Today, the Illinois Supreme Court issued its much-anticipated decision in Tims v. Black Horse Carriers, which determined whether the one-year or five-year statute of limitation applies to claims filed under the Illinois Biometric Privacy Act. In the landmark decision (found here), the Court veered from the Illinois Appellate Court’s splicing of limitations

Despite its enactment in 2008, the Illinois Biometric Information Privacy Act’s (BIPA) legal standards were largely undeveloped until its emergence to the main stage circa 2017. But with the decisions in Rosenbach v. Six Flags in 2019 (standing) and McDonald v. Symphony in 2022 (workers’ compensation), and the recent $228 million jury verdict against BNSF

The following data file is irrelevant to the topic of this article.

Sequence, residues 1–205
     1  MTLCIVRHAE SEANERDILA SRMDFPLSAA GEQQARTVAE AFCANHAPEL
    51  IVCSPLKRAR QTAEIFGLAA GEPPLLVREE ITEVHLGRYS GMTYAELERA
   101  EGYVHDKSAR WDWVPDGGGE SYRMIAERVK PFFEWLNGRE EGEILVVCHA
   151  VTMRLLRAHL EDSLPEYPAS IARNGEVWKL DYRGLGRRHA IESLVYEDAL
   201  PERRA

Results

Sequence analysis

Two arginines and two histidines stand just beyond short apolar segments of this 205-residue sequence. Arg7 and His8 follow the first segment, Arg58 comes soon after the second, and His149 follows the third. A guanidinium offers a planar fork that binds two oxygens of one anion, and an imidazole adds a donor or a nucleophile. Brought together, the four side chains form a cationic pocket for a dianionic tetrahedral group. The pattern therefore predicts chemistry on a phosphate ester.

Seyfarth Synopsis:  The Illinois Supreme Court issued its long-awaited decision in McDonald v. Symphony Bronzeville Park, LLC, et al., 2022 IL 126511 (Feb. 3, 2022), holding that claims for statutory damages against an employer under the Illinois Biometric Information Privacy Act (“BIPA”) are not preempted by the exclusivity provisions of the Illinois Workers’ Compensation

Seyfarth Synopsis: The New York state legislature recently introduced a standalone biometric information privacy bill, AB 27, that mirrors Illinois’ Biometric Information Privacy Act (740 ILCS § 14/1 et seq., “BIPA”), which has spawned thousands of class actions in the Land of Lincoln. If enacted, The New York bill would become only the